The chest X-ray and magnetic resonance imaging (MRI) brain were normal. X-ray of the wrist showed bone age of 6 to 7 years. The ultrasonography of the abdomen showed an enlarged uterus with a right ovarian cyst 36 mm × 28 mm with few smaller cysts within. The MRI pelvis plain showed a 42 mm × 31 mm × 42 mm cystic lesion with smaller cysts within and no solid component. Impression on MRI was a simple ovarian cyst [Figure 1]a and [Figure 1]b.
Figure1:(a) Ultrasonography image–simple cyst in right ovary with multiple daughter cysts along the wall. (b and c) Magnetic resonance imaging image-A T1-weighted hypointense and T2-weighted hyperintense cystic lesion 42mm×31mm×42mm with smaller daughter cysts within are present. No solid components seen. Normal right ovary not visualized, likely to be compressed. The uterus is enlarged 64mm×19mm×24 mm

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Cystectomy and right ovariotomy was done under general anesthesia. Ten milliliters of clear fluid were aspirated intraoperatively from the cyst. Its cytocentrifuge smears showed clusters and follicles of round to oval cells having round, hyperchromatic nuclei without any grooving. Possibility of JGCT was suggested [Figure 2]a.
Figure2:(a) The cyst is thin walled, containing smaller cysts within. No solid areas seen. (b) Smear shows clusters of small cells with round, hyperchromatic nuclei.(H and E, ×100) (c) Smear shows small sheets of round cells with dark nuclei. No nuclear grooving seen(Giemsa stain, ×400)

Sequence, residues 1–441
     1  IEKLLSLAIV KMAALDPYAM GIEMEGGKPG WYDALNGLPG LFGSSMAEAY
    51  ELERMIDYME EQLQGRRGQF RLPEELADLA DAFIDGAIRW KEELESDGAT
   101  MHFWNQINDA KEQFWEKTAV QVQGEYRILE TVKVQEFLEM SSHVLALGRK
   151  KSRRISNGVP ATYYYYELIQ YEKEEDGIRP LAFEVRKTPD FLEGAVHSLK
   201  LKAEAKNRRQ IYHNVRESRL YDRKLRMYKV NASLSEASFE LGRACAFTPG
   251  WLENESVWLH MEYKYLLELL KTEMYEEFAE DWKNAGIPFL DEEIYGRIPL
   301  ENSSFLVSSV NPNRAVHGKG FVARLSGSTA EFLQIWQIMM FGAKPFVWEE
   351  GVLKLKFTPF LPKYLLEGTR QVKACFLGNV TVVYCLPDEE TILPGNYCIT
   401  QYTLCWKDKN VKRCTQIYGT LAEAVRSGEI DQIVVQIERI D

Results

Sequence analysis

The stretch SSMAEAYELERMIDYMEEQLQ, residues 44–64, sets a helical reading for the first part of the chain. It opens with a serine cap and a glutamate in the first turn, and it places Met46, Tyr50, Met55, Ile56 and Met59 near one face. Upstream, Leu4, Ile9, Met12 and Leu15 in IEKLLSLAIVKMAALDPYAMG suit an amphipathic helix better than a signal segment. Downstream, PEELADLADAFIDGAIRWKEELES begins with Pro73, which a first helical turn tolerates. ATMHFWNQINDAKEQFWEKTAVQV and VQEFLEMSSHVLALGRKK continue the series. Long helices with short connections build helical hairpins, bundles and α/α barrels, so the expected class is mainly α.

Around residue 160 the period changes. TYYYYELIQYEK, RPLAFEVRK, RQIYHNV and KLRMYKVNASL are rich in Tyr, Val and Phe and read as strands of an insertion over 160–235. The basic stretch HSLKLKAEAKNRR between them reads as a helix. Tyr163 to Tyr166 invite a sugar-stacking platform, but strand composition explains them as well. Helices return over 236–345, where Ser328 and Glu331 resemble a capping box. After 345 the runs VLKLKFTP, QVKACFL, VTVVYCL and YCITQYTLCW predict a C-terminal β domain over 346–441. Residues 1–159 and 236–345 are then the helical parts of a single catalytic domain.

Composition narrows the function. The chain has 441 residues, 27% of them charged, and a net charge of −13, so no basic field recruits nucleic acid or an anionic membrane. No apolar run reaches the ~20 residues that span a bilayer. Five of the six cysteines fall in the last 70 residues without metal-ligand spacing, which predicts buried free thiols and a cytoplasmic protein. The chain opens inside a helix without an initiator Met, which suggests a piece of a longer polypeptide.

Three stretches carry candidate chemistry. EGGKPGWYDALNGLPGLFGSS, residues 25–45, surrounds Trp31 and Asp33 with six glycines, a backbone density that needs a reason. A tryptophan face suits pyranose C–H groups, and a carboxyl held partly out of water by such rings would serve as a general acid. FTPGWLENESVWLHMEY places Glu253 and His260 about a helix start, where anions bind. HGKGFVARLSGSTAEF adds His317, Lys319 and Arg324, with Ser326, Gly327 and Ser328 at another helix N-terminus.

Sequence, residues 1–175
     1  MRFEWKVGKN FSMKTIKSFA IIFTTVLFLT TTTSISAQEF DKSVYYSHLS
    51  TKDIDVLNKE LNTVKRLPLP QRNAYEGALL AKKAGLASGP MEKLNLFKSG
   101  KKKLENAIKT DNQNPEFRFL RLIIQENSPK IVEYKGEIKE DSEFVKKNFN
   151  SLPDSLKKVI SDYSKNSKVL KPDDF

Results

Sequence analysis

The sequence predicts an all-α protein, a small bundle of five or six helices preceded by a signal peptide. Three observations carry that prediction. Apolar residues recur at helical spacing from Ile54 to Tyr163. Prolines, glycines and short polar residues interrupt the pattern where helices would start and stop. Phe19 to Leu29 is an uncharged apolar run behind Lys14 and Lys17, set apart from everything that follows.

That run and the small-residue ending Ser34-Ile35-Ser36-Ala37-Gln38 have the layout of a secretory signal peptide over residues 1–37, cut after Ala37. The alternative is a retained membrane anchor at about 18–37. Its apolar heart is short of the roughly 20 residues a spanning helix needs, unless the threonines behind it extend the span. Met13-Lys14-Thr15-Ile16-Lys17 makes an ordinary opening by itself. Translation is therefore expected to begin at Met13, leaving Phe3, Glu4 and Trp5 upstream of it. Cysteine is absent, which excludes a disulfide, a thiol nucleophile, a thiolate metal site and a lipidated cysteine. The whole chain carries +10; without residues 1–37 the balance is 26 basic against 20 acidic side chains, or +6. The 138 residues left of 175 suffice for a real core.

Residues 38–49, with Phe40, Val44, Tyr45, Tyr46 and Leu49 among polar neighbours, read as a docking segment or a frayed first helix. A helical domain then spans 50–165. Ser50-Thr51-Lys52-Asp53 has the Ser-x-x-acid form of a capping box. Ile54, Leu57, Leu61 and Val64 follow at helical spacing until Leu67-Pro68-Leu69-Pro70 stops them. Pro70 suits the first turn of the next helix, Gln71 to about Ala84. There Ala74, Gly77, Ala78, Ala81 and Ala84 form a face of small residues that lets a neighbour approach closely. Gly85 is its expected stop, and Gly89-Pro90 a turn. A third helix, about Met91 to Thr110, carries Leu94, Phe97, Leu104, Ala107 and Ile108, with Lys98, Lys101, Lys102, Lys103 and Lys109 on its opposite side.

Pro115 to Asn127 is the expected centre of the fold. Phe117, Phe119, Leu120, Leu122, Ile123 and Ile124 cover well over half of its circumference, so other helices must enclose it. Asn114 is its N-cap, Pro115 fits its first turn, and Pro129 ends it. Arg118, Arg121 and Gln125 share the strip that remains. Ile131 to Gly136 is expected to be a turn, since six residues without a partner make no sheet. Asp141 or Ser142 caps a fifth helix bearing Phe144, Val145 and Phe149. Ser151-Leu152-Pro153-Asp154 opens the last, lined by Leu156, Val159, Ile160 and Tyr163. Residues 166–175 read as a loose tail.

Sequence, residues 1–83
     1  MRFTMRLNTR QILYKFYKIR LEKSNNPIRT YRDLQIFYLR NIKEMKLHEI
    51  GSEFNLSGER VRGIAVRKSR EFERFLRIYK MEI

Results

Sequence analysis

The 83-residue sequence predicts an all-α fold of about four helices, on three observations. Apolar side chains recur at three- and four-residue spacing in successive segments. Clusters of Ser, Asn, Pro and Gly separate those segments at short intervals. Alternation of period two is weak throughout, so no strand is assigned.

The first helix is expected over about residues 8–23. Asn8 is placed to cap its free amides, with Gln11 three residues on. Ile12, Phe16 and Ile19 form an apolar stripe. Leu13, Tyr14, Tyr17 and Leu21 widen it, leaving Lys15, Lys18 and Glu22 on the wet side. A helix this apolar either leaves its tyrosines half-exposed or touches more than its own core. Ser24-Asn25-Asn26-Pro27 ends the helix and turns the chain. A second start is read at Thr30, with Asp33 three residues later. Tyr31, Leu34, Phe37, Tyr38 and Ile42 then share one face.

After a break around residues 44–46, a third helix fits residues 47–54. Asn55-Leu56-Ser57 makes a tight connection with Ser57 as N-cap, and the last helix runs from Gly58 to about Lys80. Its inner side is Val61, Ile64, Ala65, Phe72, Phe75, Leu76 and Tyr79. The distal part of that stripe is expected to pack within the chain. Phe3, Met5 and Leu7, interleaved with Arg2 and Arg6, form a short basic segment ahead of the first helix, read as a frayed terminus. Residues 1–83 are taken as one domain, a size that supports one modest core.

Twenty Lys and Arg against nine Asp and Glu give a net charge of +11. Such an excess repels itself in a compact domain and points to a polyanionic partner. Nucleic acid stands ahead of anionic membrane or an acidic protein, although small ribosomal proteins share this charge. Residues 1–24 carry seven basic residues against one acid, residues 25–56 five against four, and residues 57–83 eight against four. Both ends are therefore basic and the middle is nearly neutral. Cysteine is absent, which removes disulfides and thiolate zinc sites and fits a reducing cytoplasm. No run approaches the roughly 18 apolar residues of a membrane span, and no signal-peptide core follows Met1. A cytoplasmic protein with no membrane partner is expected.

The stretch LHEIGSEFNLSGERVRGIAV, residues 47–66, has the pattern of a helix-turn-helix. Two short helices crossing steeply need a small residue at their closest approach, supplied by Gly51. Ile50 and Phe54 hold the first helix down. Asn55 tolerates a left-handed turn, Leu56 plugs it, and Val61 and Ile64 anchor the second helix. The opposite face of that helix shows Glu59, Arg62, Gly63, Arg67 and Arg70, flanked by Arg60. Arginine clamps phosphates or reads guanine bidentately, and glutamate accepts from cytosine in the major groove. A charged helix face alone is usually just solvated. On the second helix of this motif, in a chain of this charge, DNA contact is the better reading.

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The gross specimen was a smooth, thin-walled, greyish, cystic mass, 20 g and 4 cm × 3 cm × 2.7 cm containing thin, clear, colorless fluid and few tiny cysts 0.5–0.8 cm within it [Figure 2]b. Compressed ovarian tissue was present on one side (0.4 cm × 0.8 cm). Histopathology showed multiple cystic areas lined by round to oval tumor cells showing the stratification (2–10 cell thick) with round hyperchromatic nuclei and eosinophilic cytoplasm. No nuclear grooving was evident. Mitotic activity was 6–8/10 high power field, (hpf). Some of the cysts showed eosinophilic granular secretions. Normal ovarian parenchyma was seen at the periphery. Immunohistochemistry (IHC) with calretinin showed 100% positivity and epithelial membrane antigen (EMA) was negative. IHC for inhibin was advised but could not be done. It was reported as JGCT of the right ovary [Figure 3]a,[Figure 3]b,[Figure 3]c,[Figure 3]d.
Figure3:(a) Section shows a multilayered macrofollicle with central eosinophilic secretions.(H and E, ×100)(b) Section shows multilayered granulosa cells having dark, round nuclei and mitotic figures. (H and E, ×400) (c) Section shows 100% positivity with intense staining for calretinin.(Immunohistochemistry[IHC] for calretinin, ×100) (d) Section shows negative staining for epithelial membrane antigen(IHC for epithelial membrane antigen, ×100)

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  Discussion Top


The first description of granulosa cell tumor of ovary was given by Rokitansky in 1855 as chronicled by Chew et al.[2]